New Delhi, November 4: The Delhi government faced searching questions from the Supreme Court over the much-publicised odd-even vehicle rotation scheme within hours of its launch on Monday, as to why it stopped plying of cars that are less polluting compared to two and three wheelers and taxis.
The apex court, which was hearing the pollution matter of Delhi-National Capital Region (NCR), asked the Delhi government as to what it was achieving from the scheme.
A bench comprising Justices Arun Mishra and Deepak Gupta said 2-wheelers, 3-wheelers and taxis would ply more during the odd-even scheme whereas pollution emissions from cars, especially petrol-run, was less as compared to taxis and auto rickshaws. The counsel appearing for the Delhi government said that 3-wheelers and taxis in the national capital run on CNG which is much cleaner than petrol and diesel. Odd-Even Scheme in Delhi: Signature Bridge to Remain Closed from November 5-14.
The bench directed the Delhi government to place before it by November 8 the data of pollution levels of previous periods when the scheme was put in place as a measure to curb air pollution in the region. It also directed the Delhi government to place data, if any, about the difference being caused to the pollution level by stopping plying of four-wheelers during the previous odd-even scheme.
"Autos and taxis will ply more during odd-even. They will make pollution. Why are you stopping cars which are less polluting?," the bench asked the counsel representing the Delhi government. "What are you achieving by this odd-even? Lesser number of cars is not a solution. Taxis will ply more during this," the bench said.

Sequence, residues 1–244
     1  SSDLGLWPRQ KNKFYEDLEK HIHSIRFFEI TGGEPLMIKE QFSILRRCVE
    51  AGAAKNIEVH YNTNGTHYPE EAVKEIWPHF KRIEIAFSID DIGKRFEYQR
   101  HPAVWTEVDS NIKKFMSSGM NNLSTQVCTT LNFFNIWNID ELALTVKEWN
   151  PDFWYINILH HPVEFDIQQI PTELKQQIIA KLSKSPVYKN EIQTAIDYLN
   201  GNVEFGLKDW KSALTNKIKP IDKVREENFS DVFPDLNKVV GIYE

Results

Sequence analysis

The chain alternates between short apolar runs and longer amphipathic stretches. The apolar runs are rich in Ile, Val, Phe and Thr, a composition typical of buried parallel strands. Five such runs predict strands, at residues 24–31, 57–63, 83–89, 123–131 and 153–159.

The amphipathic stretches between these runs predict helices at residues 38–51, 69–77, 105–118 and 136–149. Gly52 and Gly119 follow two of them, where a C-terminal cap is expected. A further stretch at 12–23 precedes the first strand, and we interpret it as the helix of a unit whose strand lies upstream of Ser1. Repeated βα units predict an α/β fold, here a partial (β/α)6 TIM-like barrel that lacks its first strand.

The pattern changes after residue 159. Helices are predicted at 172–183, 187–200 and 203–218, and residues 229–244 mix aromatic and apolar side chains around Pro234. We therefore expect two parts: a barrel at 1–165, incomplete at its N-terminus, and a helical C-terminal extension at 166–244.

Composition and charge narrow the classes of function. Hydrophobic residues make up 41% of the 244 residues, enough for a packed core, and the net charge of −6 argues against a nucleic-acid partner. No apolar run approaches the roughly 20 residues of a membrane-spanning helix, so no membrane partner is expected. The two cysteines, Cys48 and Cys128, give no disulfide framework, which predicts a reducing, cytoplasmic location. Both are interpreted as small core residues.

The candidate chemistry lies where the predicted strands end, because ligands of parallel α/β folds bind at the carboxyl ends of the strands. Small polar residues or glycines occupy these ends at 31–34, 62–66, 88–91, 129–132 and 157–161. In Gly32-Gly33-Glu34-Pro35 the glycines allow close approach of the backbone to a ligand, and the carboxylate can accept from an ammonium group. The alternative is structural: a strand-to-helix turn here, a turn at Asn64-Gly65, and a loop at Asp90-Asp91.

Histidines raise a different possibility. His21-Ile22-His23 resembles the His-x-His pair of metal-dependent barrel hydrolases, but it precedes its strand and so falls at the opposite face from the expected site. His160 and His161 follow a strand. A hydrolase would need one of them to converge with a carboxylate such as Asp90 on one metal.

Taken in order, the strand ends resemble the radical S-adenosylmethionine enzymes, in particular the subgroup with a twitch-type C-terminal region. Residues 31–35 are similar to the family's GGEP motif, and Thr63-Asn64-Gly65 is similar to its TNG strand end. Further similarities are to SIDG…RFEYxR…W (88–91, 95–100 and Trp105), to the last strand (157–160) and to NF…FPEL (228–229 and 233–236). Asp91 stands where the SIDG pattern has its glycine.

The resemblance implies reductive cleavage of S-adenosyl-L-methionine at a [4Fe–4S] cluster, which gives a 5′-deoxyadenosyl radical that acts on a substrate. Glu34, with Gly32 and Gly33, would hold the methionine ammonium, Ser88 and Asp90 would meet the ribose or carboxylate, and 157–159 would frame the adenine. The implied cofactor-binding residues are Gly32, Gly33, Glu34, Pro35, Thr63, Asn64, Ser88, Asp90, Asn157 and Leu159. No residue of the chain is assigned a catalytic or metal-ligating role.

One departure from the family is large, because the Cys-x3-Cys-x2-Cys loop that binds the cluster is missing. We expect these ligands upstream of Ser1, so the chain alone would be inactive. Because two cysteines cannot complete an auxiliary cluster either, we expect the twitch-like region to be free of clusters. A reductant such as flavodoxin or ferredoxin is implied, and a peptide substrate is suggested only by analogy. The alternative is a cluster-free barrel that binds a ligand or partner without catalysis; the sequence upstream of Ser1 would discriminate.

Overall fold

The counsel said that during the odd-even scheme, less number of petrol and diesel run cars would ply on roads and people would also start sharing their trips with others. "Do you have any figure for this?," the bench asked after which the counsel said he would place the data before the court.
The bench also questioned the Delhi government whether it really think that people would start sharing their trips with others during the odd-even scheme. "Banning diesel vehicles is still okay but what is the point of this odd-even. The issue is that you are stopping one vehicle but other vehicles will ply. You have to augment public transport," the bench said, adding, "You do not have funds for metro. You are not contributing for this."
During the hearing, Justice Gupta observed, "Three years back when I joined as a judge of the Supreme Court, it was said that 3,000 buses will be added to public transport. Till now, only 300 odd buses have been added".
"See our mentality. We do not want to take metro. We have some odd notion that travelling in metro is below our dignity. Nobody want to go to the airport in metro," Justice Gupta observed. One of the counsels appearing in the matter pointed to the court that during the odd-even scheme, the private CNG vehicles have not been exempted. The odd-even scheme, which kicked off Monday, would be in force in Delhi till November 14.